Issues with Language and Culture for UK Expatriates Relocating to Portugal
This article comes courtesy of Luke at BiCortex Languages. Here he explores some of the potential issues and problems UK travellers might encounter when relocating to Portugal, with a focus on language, translations and culture.
Portugal’s climate, wine and unspoilt beaches have long made it a prime destination for British holidaymakers and, in some cases, older Britons looking to retire in the sun.
But since the Brexit referendum in 2016, the number of British citizens of all ages and backgrounds looking to emigrate to Portugal has increased dramatically. According to one source, in the four years from the vote until October 2020, the number of British citizens registering to live in Portugal increased by a dramatic 111% from 19,384 to 40,827, as UK citizens rushed not to lose the multiple rights and freedoms associated with having a European Union passport.
The end of the transition period that followed the UK’s withdrawal from the EU meant that from 1st January 2021, British citizens living in Portugal have started to face some extra bureaucracy associated with residency, employment and business, as well as complications when going about simple day-to-day tasks previously taken for granted.
However, some might argue that this is nothing compared to the deeply-entrenched culture of bureaucracy in Portugal, with one commentator describing living in Portugal as “an exercise in masochism” because of these difficulties.
Portuguese Language Lessons and Relocation
While there are many countries that are similar or worse than Portugal in this regard, those coming from the UK may be surprised by the excessive level of red tape as well as the slow pace with which things move over there.
- In the UK tenants looking to rent an apartment typically have to do a credit check and provide a deposit before a contract is signed for an average period of 12 months. Guarantors are normally only required where the prospective tenant doesn’t have a regular income (e.g. students). The notice period is normally one month for both parties.
- In Portugal, tenants will need to provide copies of their wage slips and bank statements for the last three months, copies of their tax number, national ID and tax return from the previous year (or more) and they will find that irrespective of their credit history or income, in almost all cases they will also be required to provide a guarantor who is Portuguese and will consent to co-sign the tenancy agreement. For obvious reasons, finding someone prepared to take on that role can be a challenge for those from overseas. As if that’s not enough, if the guarantor is married, then the guarantor’s spouse will in many cases also be required to co-sign the contract (and provide accompanying documentation). Plus, tenants will need to provide a deposit and rent for one to two months upfront before moving in. Contracts are typically for two years or more, with three months’ notice period.
Verdict: Portuguese system provides more security for tenants that manage to fulfil the many requirements, but the barriers to entry are high and it’s inflexible.
- In the UK getting your driving licence can be quite quick. A theory test can be studied for at home which focuses largely on road safety and signage. Practical lessons can be done intensively in parallel with the theory and there is a lot of competition in terms of supply.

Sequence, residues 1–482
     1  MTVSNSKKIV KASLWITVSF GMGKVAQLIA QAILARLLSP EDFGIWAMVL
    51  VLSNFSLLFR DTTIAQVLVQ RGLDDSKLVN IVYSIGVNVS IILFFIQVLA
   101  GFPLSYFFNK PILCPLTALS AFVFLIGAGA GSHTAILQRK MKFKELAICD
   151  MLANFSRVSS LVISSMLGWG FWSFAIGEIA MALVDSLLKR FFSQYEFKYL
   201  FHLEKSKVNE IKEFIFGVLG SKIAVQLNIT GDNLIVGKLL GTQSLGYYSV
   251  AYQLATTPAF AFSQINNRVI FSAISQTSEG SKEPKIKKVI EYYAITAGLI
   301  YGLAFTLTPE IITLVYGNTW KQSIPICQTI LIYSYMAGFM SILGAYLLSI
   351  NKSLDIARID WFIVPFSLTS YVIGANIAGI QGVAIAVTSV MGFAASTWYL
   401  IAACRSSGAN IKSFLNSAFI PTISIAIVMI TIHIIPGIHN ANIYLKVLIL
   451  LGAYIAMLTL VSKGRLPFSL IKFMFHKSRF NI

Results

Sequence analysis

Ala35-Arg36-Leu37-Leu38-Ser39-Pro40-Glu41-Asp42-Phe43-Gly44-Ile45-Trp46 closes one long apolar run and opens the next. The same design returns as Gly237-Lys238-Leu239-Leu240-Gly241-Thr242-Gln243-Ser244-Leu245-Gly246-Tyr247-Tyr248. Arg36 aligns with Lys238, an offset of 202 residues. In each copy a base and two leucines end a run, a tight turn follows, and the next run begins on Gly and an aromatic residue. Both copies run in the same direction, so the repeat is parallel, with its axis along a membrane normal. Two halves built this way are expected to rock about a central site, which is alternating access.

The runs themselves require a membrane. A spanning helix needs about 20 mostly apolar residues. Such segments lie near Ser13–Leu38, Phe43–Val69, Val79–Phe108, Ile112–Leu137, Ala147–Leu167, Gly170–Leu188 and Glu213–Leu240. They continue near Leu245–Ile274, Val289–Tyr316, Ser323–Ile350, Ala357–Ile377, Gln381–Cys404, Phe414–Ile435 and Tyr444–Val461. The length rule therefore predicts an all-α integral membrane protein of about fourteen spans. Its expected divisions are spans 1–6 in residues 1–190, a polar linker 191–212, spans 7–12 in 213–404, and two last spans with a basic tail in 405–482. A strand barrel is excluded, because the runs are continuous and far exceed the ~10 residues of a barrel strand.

- In Portugal learners must first attend a long series of face-to-face theory lessons before can even get close to a driving wheel. The theory focuses not just on matters related to driving a car but also other more obscure, and some might say useless, items such as the specifics of the axle-bearing loads of lorries. Anyone studying for this test might well assume that it is actually designed for the candidate to fail. After a certain number of theory lessons have been completed the candidate may take lessons in a simulator and only then can they begin their actual practical lessons in a car.
Verdict: Portuguese system is time-consuming, expensive and in need of modernisation. It also hasn’t resulted in better road safety than in the more straightforward system in the UK. The UK had 28.9 road deaths per 1m inhabitants in 2019, whereas Portugal sadly had 62.78.
These kinds of matters can be tedious and frustrating to deal with, so it’s wise to come prepared that things can take a lot more time and those who have access to relocation services provided by their employer would be wise to benefit from them where at all possible.
However, one of the best ways for the new arrival to help themselves not only to resolve administrative matters and also to integrate into the local culture is to learn the language.
Foreigners sometimes comment how different European Portuguese sounds from neighbouring Spanish, with some saying that it reminds them of Russian, due to the guttural sounds – and even those more familiar with Brazilian Portuguese with its more open vowels and slower, often more melodic intonation may be surprised by how different it sounds. However, these aspects shouldn’t put the learner off.
Those who speak another Latin language will have a head start and there are also some similarities in certain vocabulary with English too. Many older people don’t speak much English and will usually be very happy if the learner tries to speak a few words of Portuguese with them.
If you find yourself in Portugal for work, an extended stay or you are planning to relocate, SITU can help with our wide selection of serviced accommodation options. Take a look at our accommodation portfolio here!